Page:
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Graham Stark, c. early 1960s
Graham Stark, c. early 1960s

Graham William Stark (20 January 1922 – 29 October 2013) was an English comedian, actor, writer and director.

Early life

The son of a purser on transatlantic liners,[2] Stark was born in New Brighton[3] (part of Wallasey) in Wirral, Cheshire, England. He attended Wallasey Grammar School and made his professional stage debut aged 13 in pantomime at the Lyceum Theatre in London.

During the Second World War he served in 334 company of the BEF in Salonika, Greece, where he was a turner in group workshops.[4] While there he first met Dick Emery, Tony Hancock and Peter Sellers, the latter two as fellow members of Ralph Reader's Gang Shows. Sellers would become a long-lasting close friend. With the Gang Shows, Stark toured the locations where military personnel were seeing active service.[4] After the war he studied at the Royal Academy of Dramatic Art,[5] and joined the regulars at Grafton's, a pub in Victoria run by Jimmy Grafton, a venue at which soon-to-be-prominent entertainers of the next few decades regularly gathered.[2]


Stark began to work on BBC Radio in the postwar years, helped by Tony Hancock's connections,[3] making his debut in Happy Go Lucky and going on to Ray's A Laugh, thanks to the intervention of Sellers,[2] For a time he was a regular in Educating Archie and Archie's the Boy and substituted for Spike Milligan on The Goon Show[6][7] when the comedian was ill. Stark was a regular supporting player on TV with Peter Sellers in A Show Called Fred and Son of Fred, and with Benny Hill. His profile was sufficient for him to gain his own, albeit short-lived, sketch series, The Graham Stark Show (BBC 1964).[2] Now entirely lost,[8] all the editions were scripted by Johnny Speight and each one featured a different group of supporting actors, including Deryck Guyler, Arthur Mullard, Derek Nimmo, Patricia Hayes and Warren Mitchell.

He became a regular performer in the Pink Panther film series. His first role in the series was as Hercule Lajoy, Inspector Clouseau's stonefaced assistant, in A Shot in the Dark (1964). Along with Herbert Lom and Burt Kwouk, he has appeared in more Pink Panther films than any other actor, playing a variety of characters, including reprising Lajoy in Trail of the Pink Panther (1982) and twice playing Dr Auguste Balls (in Revenge of the Pink Panther, 1978; and Son of the Pink Panther, 1993). His most memorable role was playing the hotel clerk in the "Does your dog bite" scene in The Pink Panther Strikes Again. Stark, as well as Lom and Kwouk, have each appeared in seven titles from the series— remarkable given that Peter Sellers, who originated the franchise’s central Inspector Clouseau character, appeared only in six entries (counting 1982’s Trail of the Pink Panther, which used only outtakes and previously released footage of the late Sellers).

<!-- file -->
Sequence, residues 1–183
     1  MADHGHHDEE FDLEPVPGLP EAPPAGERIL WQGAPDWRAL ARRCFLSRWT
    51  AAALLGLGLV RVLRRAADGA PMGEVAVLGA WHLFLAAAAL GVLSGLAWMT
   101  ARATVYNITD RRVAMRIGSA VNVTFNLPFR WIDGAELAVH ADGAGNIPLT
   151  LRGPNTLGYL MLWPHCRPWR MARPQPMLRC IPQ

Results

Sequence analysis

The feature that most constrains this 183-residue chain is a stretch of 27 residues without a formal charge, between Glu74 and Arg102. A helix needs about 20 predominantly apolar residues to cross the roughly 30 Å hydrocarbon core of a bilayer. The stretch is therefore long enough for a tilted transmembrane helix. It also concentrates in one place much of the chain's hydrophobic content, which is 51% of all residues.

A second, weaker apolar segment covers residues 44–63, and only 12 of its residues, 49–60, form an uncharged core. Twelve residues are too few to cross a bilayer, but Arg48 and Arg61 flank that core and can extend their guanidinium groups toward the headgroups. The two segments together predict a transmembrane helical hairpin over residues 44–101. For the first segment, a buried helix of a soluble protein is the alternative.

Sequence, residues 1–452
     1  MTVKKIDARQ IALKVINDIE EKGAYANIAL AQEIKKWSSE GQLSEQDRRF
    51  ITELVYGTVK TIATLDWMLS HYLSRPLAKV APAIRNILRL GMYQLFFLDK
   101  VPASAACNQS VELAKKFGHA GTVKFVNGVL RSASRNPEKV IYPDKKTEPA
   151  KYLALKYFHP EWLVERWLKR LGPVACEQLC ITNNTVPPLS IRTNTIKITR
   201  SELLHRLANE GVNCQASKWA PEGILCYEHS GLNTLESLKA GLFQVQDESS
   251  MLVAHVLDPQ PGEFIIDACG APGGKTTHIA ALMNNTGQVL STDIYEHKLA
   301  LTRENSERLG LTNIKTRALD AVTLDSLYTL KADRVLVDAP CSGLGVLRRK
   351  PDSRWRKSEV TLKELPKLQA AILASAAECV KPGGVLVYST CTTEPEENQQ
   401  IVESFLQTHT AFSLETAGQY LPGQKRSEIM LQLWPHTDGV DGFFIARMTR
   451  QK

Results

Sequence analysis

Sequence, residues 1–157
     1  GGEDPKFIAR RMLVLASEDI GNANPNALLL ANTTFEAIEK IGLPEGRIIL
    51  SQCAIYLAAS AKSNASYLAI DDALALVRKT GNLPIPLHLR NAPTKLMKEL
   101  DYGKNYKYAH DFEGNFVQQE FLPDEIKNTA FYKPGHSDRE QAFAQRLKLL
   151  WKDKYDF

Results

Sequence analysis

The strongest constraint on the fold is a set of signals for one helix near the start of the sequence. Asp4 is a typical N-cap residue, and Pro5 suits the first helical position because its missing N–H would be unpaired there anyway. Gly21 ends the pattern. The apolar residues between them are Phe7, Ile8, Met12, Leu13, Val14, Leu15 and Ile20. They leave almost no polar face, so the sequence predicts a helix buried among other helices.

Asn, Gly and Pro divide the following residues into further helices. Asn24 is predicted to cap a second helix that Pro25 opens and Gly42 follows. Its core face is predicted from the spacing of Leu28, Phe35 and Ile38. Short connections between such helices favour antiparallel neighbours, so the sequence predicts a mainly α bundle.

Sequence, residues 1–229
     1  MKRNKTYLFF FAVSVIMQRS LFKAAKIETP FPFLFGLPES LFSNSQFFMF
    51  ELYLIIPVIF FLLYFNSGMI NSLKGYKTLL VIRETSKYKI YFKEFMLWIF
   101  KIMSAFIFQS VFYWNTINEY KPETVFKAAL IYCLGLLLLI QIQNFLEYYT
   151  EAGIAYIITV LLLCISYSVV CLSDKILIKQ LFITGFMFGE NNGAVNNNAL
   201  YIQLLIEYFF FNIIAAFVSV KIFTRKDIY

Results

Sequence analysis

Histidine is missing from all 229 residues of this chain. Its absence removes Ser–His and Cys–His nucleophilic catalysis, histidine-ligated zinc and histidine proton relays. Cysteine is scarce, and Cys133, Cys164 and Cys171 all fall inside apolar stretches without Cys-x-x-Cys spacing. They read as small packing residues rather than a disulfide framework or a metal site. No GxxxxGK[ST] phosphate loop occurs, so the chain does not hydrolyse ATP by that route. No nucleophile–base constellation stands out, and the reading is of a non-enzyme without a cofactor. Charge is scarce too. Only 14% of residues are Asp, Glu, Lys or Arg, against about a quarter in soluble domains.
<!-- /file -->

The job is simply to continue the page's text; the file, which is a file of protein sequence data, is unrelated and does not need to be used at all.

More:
Stark gave a moving performance in the film Alfie (1966) as Humphrey, a timid bus conductor who takes on a woman (Julia Foster) and her child when the title character (played by Michael Caine) refuses commitment. He also played the role of Lord Fortnum's doctor, Captain Pontius Kak, in the original stage play of The Bed-Sitting Room, which opened at the Mermaid Theatre on 31 January 1963.[6][9][10] Following the death of James Beck, Stark took over the role of Private Joe Walker in the radio adaptation of Dad's Army.

In 1982, Stark appeared in a cameo role as a butler, alongside Dandy Nichols, in the music video for Adam Ant's UK No. 1 hit "Goody Two Shoes".[11]

Personal life

Stark was also an accomplished stills photographer. He was the last known performer to have appeared on The Goon Show during its original run. In 2003 he published an autobiography, Stark Naked.[2] He died in London on 29 October 2013 at age 91, after suffering a stroke.[12][13][14]

Filmography as actor

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